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A trader working at the New York Stock Exchange on Friday. A high consumer price index reading led to widespread selling and large losses for the major indexes. Spencer Platt/Getty Images
I've Always Wondered ...

How do experts know the causes behind the stock market’s ups and downs?

Janet Nguyen Jun 10, 2022
A trader working at the New York Stock Exchange on Friday. A high consumer price index reading led to widespread selling and large losses for the major indexes. Spencer Platt/Getty Images

This is just one of the stories from our “I’ve Always Wondered” series, where we tackle all of your questions about the world of business, no matter how big or small. Ever wondered if recycling is worth it? Or how store brands stack up against name brands? Check out more from the series here.

Listener Katy Davis asks:

When reporters say, “The markets are down today based on XX,” sometimes it is something really obvious like a recent jobs report or a surprising boost to the economy. But sometimes it is something that seems so vague, like “based on fears about the situation in Greece.” Anyway, how do they know that? Are they calling traders and asking? Guessing? How can an entire day of trading be summed up like that? 

Sometimes the experts actually don’t know for sure. When asked how confident he is about his assessments, Commonwealth Financial Network’s chief investment officer, Brad McMillan, said: 

“Not very. At the end of the day, this is an almost infinitely complex system.” 

Some days, the drivers are more obvious than others, with news items like, yes, a recent jobs report. The Russia-Ukraine war. Or inflation numbers, like we saw Friday. The prices of consumer goods jumped 8.6% year over year in May, the highest rate since 1981. That showed inflation hasn’t slowed down, and it sent the Dow Jones Industrial Average plunging almost 900 points. 

McMillan, who writes a Commonwealth blog, said you can draw a direct link between market movements and anything that “materially either changes or directly confirms expectations.” 

But it can get complicated. 

McMillan said he’ll look at various investment commentators’ second and third reactions to news that happened earlier in the week. 

“For example, if the [Federal Reserve] raises rates, the initial reaction might well be, ‘Oh, my goodness, rates are higher. That’s bad for stocks,” he said. 

But in the following days, the reaction might become: “If they raise rates, in the short term, that might increase the probability they’re gonna have to cut rates in the longer term. So on balance, that can be positive,” McMillan said.  

There are multiple events happening at a given time, and McMillan has to parse which factors may be the most important. So right now, he’s paying attention to interest rates. 

That’s because they strongly influence stock valuations. In recent blog post, McMillan explained:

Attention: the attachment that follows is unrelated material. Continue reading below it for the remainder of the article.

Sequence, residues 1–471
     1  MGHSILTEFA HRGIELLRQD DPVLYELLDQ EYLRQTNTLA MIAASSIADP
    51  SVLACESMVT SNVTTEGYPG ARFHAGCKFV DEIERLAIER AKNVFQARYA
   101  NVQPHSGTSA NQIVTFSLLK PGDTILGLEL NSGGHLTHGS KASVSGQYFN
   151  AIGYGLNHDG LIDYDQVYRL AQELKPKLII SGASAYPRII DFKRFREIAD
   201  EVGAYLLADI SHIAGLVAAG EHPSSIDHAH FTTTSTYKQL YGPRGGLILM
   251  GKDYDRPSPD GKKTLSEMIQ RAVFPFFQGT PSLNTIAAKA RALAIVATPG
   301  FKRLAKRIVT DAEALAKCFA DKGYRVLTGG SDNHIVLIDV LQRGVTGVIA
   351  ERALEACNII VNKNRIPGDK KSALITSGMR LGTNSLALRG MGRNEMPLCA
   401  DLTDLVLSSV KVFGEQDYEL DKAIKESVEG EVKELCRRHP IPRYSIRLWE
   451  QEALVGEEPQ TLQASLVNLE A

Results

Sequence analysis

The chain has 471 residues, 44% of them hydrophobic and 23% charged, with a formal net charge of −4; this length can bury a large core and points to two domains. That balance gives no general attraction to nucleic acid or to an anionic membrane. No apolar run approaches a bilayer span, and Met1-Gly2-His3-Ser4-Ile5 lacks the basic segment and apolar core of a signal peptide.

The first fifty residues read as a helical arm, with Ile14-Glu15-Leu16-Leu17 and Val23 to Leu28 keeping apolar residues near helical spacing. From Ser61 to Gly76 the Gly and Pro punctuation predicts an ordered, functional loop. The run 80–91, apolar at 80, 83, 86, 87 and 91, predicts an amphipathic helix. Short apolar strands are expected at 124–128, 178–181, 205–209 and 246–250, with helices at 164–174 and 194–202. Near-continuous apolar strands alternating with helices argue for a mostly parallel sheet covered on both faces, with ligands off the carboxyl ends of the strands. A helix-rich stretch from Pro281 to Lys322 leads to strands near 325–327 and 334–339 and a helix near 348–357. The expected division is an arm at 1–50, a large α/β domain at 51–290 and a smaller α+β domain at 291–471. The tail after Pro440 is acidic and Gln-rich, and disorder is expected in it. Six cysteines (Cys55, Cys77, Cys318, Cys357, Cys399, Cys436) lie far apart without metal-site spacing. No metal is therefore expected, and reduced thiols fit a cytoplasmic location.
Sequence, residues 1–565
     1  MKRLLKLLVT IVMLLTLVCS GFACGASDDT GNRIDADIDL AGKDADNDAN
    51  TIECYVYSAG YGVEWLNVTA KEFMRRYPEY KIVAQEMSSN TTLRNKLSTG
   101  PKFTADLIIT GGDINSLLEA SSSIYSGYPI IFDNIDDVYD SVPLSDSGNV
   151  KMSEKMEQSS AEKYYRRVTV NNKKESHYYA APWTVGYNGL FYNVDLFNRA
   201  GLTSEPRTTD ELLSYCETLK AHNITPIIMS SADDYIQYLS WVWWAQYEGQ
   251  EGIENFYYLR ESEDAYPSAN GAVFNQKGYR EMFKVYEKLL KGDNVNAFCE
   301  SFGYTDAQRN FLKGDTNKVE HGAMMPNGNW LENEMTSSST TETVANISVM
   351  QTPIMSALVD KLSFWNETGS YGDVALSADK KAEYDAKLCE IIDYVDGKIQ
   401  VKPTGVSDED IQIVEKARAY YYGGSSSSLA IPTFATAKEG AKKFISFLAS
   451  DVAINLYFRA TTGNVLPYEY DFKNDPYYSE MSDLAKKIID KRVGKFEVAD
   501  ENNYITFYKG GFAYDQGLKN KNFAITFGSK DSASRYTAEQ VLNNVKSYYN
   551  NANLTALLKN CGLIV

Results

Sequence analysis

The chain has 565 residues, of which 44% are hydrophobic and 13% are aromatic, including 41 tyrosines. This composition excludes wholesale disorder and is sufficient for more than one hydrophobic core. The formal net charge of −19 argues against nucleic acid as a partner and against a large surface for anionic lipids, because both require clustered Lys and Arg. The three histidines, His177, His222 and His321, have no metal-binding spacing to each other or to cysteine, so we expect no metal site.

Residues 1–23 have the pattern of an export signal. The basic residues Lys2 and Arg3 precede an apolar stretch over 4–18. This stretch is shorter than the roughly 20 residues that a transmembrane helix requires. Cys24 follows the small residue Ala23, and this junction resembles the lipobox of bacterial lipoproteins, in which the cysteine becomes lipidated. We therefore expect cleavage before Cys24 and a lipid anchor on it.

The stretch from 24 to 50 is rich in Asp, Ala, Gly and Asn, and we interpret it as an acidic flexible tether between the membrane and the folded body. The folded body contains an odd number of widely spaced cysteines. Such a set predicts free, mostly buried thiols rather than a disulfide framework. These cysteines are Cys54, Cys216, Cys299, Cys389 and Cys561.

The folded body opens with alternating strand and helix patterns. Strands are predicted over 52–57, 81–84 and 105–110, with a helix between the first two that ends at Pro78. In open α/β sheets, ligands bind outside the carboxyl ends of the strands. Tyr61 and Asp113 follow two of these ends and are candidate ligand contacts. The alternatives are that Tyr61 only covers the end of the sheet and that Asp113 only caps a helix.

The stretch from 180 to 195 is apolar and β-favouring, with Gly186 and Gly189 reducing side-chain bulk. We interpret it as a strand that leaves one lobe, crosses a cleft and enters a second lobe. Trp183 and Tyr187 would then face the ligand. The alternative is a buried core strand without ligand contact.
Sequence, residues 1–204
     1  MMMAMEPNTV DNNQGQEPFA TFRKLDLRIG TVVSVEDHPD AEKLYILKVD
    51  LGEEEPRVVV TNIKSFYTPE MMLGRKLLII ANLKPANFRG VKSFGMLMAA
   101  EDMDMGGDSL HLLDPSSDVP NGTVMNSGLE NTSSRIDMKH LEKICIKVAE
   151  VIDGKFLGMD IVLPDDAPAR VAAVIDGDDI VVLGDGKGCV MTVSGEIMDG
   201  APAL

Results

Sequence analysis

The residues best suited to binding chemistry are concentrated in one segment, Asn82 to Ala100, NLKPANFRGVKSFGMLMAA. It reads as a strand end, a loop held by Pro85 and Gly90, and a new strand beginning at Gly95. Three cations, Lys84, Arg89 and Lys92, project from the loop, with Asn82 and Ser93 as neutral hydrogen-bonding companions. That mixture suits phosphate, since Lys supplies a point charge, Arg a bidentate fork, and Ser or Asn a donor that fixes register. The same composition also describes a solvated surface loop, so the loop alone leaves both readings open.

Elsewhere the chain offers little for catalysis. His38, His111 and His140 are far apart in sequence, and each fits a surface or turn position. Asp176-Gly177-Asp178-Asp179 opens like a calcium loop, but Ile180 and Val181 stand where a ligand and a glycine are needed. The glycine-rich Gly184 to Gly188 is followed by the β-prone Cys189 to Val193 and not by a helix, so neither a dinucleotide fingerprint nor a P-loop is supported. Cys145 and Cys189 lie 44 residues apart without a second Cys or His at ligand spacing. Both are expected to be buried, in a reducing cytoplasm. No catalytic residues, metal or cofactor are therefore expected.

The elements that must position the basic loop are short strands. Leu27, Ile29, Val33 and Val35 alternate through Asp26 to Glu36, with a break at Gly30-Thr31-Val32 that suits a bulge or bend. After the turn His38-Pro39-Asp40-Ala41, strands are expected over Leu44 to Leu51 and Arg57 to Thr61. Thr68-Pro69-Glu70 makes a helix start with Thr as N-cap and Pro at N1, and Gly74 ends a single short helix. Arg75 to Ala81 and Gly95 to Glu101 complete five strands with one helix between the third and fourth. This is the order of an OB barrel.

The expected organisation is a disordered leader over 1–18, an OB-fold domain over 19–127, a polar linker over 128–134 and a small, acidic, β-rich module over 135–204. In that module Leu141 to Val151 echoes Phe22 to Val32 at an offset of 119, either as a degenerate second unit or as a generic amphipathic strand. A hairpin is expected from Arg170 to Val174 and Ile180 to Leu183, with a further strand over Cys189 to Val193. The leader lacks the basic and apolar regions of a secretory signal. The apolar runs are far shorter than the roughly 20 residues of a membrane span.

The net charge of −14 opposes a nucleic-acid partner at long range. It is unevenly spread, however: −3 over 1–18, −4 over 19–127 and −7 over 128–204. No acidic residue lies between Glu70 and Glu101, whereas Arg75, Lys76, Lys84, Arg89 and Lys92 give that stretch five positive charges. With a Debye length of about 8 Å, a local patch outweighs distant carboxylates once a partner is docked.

“Lower rates mean higher valuations for stocks, which explains the market rally we saw during and after the pandemic, as rates were cut to zero and stocks soared. With rates rising again as the Fed tightens policy, we are seeing valuations adjust down, bringing down the market.”

There are also non-obvious factors that influence stocks, like the U.S. entering an election cycle. During years when there are midterms, McMillan said, the market performs worse.

And because it’s something we expect, it can actually become a “self-fulfilling prophecy, to some extent,” he explained. 

Sometimes there are factors that led to market upswings or declines that analysts hadn’t accounted for at the time. For example, analysts tend to underestimate corporate earnings growth, McMillan said. 

Back in 2015, global markets suffered amid fears of a possible Greek default on the nation’s debt. Vague, as listener Katy Davis pointed out. Investors and financial experts explained to news outlets at the time that investors don’t like political risk.

John Blank, the chief equity strategist at Zacks Investment Research, delved into that problem.

“Fears — of loss of capital — inside a country can be quantitatively expressed by other asset classes: by wider bond credit risk spreads, capital outflows that depreciate the domestic currency, higher lending rates, depressed activity. One would expect at least some of these to accompany a down stock market, in that case.”

Blank, who writes commentary for the firm, said analysts and experts can look at FinViz.com, a site that displays major stock indexes, stocks by market capitalization and “top gainers” or “top losers.” 

Analysts can then tell how a specific sector, like health care, for instance, performed after an announcement from the government or another influential event, he explained. 

Blank said sometimes it’s difficult to figure out what’s going on in the markets when there’s no obvious news that day, and an analyst might flag important upcoming news to help investors prepare.

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